Nearly ten years old, CRHoy creates impactful investigations and has built a strong audience

Close to 10 years old, Costa Rican digital outlet CRHoy built a strong audience, betting on a balance between breaking news and impactful investigations, which led to awards and credibility for the outlet.

CRHoy journalist and director Silvia Ulloa told LatAm Journalism Review (LJR) how the site was born, what it has achieved so far and future plans. CRHoy started being planned in October 2011, when she was approached by a banker, Leonel Baruch. He wanted to invest in a completely digital media outlet, something that until then had not existed in the country, the journalist recalled.

The launch was scheduled for January 2012, and Ulloa started running to assemble a team and understand how a digital platform worked – before CRHoy, she had worked in print, television and radio, but not on websites.

“He was concerned about the concentration of power in two or three media outlets in the country and considered that, in addition to being a good business option to have a 100% digital media outlet and innovate in that sense, it was necessary to have a voice different from the traditional ones in the country,” Ulloa said.

Baruch is chairman of the board of directors, but, according to Ulloa, he does not interfere in daily editorial decisions. “There is an editorial committee in which he participates and that is where these things are discussed, but he is not involved in the day-to-day running of the media outlet,” she said.


Jimena Soto during interview, wearing CRHoy's uniform. Photo: Personal Archive

After the launch, one of the novelties implemented by CRHoy was the use of uniforms. “Here the journalists in Costa Rica did not wear a uniform, but it occurred to me to put branding on the journalists' uniforms. So we gave everyone the same shirts, with the logo, on the cars we put huge stickers,” she recalled.

Ulloa, who has a master's degree in business administration, thought from the beginning about how to promote the brand of the new outlet and, according to her, the uniform played an important role in making CRHoy known.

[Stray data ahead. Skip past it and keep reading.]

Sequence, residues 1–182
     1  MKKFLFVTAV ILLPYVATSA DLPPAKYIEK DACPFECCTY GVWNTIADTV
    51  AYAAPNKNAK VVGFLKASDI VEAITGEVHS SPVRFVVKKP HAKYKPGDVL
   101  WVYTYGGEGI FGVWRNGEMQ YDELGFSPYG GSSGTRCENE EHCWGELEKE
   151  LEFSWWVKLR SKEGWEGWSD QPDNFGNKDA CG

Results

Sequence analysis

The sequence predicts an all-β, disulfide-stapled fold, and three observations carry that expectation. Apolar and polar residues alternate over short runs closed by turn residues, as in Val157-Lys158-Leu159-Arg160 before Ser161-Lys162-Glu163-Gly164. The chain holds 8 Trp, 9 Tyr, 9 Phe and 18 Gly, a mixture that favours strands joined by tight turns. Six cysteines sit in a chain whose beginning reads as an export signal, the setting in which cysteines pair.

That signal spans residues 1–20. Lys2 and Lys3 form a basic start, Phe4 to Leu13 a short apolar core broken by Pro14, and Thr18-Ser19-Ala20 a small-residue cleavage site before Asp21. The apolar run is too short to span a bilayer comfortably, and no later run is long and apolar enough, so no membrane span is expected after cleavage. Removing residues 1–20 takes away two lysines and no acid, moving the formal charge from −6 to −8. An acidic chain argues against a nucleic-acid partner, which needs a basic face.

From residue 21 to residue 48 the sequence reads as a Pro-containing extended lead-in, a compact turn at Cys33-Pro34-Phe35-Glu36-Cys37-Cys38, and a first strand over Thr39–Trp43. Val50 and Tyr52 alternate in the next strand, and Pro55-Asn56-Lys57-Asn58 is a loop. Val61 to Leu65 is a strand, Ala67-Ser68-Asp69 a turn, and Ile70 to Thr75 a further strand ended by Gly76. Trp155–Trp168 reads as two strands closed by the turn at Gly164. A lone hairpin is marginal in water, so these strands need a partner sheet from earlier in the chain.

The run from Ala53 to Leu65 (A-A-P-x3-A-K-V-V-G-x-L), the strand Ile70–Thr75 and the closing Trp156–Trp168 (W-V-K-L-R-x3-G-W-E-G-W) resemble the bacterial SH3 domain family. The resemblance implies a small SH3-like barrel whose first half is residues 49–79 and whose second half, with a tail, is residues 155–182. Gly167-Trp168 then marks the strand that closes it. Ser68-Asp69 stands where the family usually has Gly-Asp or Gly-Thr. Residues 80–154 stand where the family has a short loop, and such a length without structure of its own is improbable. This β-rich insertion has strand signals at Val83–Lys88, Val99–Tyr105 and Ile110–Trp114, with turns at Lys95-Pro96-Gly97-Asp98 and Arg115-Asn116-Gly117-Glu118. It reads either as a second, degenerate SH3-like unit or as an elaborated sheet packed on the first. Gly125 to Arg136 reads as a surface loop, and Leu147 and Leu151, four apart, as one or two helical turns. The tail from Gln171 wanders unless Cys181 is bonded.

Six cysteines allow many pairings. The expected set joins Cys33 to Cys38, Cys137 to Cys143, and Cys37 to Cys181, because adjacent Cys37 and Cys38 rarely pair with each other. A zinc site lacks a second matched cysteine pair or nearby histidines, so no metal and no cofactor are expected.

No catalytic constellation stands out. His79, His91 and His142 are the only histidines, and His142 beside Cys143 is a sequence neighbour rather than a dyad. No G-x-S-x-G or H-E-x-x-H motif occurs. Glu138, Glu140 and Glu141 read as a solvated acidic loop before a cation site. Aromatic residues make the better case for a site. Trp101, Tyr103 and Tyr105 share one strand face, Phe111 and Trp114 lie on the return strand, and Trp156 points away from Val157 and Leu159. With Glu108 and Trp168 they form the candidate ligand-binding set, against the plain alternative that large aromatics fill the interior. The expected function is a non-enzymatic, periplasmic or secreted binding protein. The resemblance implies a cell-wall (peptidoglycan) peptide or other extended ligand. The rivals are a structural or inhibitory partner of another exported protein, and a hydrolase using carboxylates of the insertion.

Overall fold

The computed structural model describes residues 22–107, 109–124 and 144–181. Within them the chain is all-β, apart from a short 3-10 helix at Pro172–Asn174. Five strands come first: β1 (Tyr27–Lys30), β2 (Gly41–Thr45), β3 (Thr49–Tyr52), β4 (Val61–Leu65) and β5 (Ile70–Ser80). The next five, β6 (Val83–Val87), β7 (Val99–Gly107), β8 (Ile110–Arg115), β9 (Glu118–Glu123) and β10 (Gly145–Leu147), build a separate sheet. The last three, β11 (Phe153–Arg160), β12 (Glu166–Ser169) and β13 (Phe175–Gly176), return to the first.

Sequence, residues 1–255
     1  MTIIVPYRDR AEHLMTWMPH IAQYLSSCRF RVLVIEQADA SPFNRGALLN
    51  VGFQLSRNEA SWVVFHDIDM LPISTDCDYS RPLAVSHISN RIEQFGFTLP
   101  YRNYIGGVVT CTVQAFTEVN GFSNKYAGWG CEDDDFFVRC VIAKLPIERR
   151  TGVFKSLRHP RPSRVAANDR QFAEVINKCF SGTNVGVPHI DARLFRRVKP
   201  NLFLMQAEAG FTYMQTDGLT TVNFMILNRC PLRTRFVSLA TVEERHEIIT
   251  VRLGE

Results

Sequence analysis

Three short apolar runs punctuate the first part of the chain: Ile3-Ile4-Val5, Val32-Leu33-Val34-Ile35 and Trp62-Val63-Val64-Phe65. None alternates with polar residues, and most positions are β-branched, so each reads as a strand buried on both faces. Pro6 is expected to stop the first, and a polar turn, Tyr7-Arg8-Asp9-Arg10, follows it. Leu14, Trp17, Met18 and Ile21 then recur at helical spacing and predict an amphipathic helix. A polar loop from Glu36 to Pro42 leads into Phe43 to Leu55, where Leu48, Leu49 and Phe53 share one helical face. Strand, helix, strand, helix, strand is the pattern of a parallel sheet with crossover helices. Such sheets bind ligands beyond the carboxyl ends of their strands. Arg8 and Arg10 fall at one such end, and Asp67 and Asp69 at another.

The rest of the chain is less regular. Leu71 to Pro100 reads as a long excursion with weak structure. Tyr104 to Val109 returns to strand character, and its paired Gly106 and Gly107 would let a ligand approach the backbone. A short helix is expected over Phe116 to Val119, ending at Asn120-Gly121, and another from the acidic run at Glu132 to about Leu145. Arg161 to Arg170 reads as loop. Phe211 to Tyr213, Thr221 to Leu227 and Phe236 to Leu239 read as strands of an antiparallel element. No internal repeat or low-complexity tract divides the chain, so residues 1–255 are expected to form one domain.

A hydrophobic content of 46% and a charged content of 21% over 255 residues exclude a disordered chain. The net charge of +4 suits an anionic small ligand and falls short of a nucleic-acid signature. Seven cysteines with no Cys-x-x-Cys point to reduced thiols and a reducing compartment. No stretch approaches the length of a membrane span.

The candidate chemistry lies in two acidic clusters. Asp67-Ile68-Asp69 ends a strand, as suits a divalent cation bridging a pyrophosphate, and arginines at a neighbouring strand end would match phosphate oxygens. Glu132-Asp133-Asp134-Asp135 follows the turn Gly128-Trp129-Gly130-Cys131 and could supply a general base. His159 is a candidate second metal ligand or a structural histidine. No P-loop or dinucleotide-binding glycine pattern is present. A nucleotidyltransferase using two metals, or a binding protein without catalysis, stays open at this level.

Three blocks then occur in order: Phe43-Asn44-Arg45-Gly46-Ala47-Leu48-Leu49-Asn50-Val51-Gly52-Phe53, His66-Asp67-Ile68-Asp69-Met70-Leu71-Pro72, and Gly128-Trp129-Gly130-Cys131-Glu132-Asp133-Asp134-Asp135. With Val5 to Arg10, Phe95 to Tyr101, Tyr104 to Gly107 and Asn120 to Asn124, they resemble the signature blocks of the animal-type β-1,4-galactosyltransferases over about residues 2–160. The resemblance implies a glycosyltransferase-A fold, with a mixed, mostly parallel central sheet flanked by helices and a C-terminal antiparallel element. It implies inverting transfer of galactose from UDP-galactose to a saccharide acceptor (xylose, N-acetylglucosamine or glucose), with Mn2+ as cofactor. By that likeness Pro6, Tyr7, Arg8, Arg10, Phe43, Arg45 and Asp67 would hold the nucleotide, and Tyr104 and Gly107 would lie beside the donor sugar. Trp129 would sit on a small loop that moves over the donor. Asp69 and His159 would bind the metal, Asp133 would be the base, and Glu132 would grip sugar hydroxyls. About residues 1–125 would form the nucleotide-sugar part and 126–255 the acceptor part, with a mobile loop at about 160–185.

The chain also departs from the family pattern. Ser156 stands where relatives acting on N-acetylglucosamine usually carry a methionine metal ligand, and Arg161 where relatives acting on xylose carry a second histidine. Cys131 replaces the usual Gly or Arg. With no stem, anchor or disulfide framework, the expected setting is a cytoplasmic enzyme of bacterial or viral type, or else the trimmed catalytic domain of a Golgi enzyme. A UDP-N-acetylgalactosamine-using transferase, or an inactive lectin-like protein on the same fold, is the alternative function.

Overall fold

“It helped us to make ourselves visible, our journalists went out into the street with the mission that, for example, if they saw a colleague with a television camera, they would try to stay within the shot that the television cameraman was making, or to put the microphone in a strategic place where it could be seen in the shots and in the photos so that people would question what that was,” Ulloa said.

The idea was to circulate the brand, stimulate curiosity and try to attract the public to seek information about CRHoy and visit the site. “And we started to generate noise, we attended all the press conferences, we attended all the events and little by little we began to generate a critical mass of readers, which was strengthened through social networks,” she said.

The strategy was successful, Ulloa said, and today CRHoy has an audience of 3.29 million unique monthly users, in a country of about five million inhabitants.

They have 1,310,203 followers on Facebook and 460,600 on Twitter.

The journalist explained that, in Costa Rica, there is no institute or entity that gathers audience data from media and that many do not disclose their numbers, which makes comparisons difficult.

“The only public platform where we can understand how we are is through Alexa [Amazon's virtual assistant]. [...] If one makes a ranking of news sites on Alexa, for example, CRHoy is the most-viewed news site in Costa Rica,” UIloa said.

Currently, CRHoy has a largely female audience (53%) and is concentrated in the youngest age groups – 45 percent of readers are between 25 and 44 years old. At the same time, about 80 percent of them access the site by cell phone.

According to Ulloa, the profile of the public and consumption by cell phone are related to changes that CRHoy implemented and that were new in journalism in Costa Rica. She says the outlet was one of the first media to adapt its content and business model to the digital universe.

At the time they launched CRHoy, she said, traditional media had websites only to republish content that had already appeared in print, radio or television. In other words, the website was considered secondary, and online advertising was distributed as a bonus to companies that advertised in the main media outlet. Ulloa recalled that her fellow journalists said that CRHoy was not going to survive, because the sites did not get any money.

“We had to start by educating the market, so to speak, that web pages had a value, that they cost money and that ads could not be given away,” she said.

To this day, CRHoy's only revenue comes from advertising, because all content is free and open to readers. And the model has guaranteed the outlet’s sustainability for all these years. The exception, Ulloa pointed out, has been the coronavirus crisis.